Director Richard Curtis Knows People Hate Love, Actually—and He Has a Theory as to Why

Belinda Luscombe
The writer and director of the 2003 Christmas movie on its divisive legacy

Richard Curtis, the writer of such iconic romantic comedies as Notting Hill and Four Weddings and a Funeral, is aware that people have strong feelings about Love, Actually, the 2003 Christmas movie he wrote and directed. The movie wove together a number of storylines and starred, among many others, Hugh Grant, Emma Thompson, Alan Rickman, Keira Knightley, Liam Neeson, Bill Nighy, Laura Linney, Chiwitel Ejiofor and Colin Firth. He recently spoke to TIME about his new Beatles-themed film Yesterday, out June 28—and also weighed in on his most discussed movie.

TIME: Of all your films, Love, Actually seems to be the one that brings out the most Brexit-like level of disagreement. There are people who think it’s the most fantastic movie ever, and people who think it’s a blight on the face of cinema. Does that surprise you?

Curtis: What surprises me is that Love, Actually ever got sold and seen at all. When we finished shooting it, it just didn’t work. And trying to edit it into the shape it’s now in was like playing three-dimensional chess because after every scene, you could go anywhere into any of the other things.

Normally, someone robs a bank, they’ve got to get in the car and drive away. And then the police chase them. But in this one we could go anywhere. I saw Love, Actually when it didn’t have a laugh in it and didn’t make any sense. So, I’m always vaguely glad it exists. That’s my starting point.

Look, I think the idea of Love, Actually was to push my luck. I thought if I can do a romantic film, could I do 10 of them and just do the best of? Or the most extreme scenes? So instead of writing a film and having 20 scenes, could I, as it were, write a film and just pick the three best scenes and leave it at that? Because at least two of the plots—the Hugh Grant and Colin Firth plot—were whole movies I was going to write.

So therefore, I suppose, it wouldn’t surprise you that the number of people who don’t like it would increase. And the number of people who do like it would increase. Because it was meant to be the most extreme version of how you would do a romantic film. I mean, it is an exhausting idea that there’s not only one couple who will kiss in the rain at the end, but nine couples who will.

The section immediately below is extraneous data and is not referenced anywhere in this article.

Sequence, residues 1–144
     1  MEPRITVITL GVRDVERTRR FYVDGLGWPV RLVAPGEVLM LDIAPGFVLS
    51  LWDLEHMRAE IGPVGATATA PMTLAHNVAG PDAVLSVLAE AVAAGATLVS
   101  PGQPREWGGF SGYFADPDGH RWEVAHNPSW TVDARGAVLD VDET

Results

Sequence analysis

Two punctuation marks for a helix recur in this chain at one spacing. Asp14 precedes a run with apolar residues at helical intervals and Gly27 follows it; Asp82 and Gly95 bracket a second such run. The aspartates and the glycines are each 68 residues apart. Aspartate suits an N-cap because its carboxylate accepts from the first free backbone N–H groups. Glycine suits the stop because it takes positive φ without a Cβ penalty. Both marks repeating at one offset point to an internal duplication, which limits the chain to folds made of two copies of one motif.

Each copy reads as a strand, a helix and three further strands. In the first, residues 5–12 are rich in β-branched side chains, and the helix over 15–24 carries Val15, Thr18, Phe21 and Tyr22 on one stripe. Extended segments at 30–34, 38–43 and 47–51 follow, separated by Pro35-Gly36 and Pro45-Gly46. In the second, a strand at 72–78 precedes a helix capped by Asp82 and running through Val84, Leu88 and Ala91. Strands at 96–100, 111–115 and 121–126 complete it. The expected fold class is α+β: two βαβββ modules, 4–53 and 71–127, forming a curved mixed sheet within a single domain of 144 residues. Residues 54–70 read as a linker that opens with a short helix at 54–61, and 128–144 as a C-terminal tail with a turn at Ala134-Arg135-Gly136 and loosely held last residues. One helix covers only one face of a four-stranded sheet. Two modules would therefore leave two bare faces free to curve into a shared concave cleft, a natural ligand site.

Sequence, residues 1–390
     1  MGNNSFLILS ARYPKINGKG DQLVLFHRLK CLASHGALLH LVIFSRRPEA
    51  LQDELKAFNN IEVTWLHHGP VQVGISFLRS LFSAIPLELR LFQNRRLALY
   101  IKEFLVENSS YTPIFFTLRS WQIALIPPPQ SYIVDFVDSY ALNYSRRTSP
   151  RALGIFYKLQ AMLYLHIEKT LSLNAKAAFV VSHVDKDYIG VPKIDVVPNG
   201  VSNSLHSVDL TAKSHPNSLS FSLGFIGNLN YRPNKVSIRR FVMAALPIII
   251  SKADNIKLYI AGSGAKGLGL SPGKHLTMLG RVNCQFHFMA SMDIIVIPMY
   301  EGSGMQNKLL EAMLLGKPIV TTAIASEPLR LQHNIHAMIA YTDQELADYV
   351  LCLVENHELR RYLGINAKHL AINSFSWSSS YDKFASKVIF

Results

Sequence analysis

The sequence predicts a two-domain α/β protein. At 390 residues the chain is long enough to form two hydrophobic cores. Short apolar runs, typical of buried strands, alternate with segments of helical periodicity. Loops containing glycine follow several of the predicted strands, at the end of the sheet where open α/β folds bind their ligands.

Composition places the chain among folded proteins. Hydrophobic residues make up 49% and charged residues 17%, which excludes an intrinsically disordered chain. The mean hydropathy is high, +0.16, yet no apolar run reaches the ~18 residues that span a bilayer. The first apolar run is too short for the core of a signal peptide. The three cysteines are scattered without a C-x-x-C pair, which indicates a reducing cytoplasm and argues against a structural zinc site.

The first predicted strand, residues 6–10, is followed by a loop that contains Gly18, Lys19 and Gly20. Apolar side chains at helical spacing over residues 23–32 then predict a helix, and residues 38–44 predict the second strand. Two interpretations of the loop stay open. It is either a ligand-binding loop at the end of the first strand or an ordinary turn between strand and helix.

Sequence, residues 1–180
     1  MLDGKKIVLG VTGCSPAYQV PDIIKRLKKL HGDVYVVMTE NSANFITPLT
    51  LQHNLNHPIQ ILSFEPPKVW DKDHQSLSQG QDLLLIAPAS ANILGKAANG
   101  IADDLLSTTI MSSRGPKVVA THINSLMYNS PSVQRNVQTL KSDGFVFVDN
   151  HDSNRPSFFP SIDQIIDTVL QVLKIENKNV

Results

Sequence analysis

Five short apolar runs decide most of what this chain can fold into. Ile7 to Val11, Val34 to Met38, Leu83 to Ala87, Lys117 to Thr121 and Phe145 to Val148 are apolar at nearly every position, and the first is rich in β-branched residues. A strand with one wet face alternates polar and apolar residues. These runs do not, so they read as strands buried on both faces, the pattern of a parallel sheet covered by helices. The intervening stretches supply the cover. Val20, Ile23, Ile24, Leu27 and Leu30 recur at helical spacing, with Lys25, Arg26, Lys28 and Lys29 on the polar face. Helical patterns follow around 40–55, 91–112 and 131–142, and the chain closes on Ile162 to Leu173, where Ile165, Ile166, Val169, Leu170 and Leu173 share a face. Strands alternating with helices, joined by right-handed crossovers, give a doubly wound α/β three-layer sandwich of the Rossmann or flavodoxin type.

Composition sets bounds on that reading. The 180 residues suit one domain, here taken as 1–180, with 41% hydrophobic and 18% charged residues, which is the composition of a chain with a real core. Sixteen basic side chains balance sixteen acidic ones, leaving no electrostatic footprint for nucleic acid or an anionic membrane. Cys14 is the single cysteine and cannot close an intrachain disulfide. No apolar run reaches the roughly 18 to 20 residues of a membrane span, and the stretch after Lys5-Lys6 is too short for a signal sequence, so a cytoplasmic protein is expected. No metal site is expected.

Am I hearing something in your voice, like ‘Hmm, not my favorite film….”?

No, not at all, actually. Every film is like a child. I’m sure the reason why people watch Love, Actually so much is because they don’t know what scene is coming next. When I watch it, which I do about once every five years, I think “Oh, my God, that!? Oh, and we’re finishing that? That’s surprising, oh, I didn’t realize that….” I think it’s got lots of charms: The variety of the cast is adorable, and I like the sadder bits in it. So it’s exactly level with my other films.

I have worried over the years that it isn’t tonally very consistent. Let me put it that way: I slightly worry that it’s 11 films [in one]. But then, I worry that Notting Hill doesn’t have a subplot. I feel as though we should have had another story intertwining. It seems as though Julia [Roberts] just goes away and comes back and goes away and comes back. So I’ve got problems with all of them.

Do you feel like you created or destroyed Hugh Grant, on balance?

[Laughs] He was always going to be unhappy. So all I think I did was just give him a different kind of unhappiness.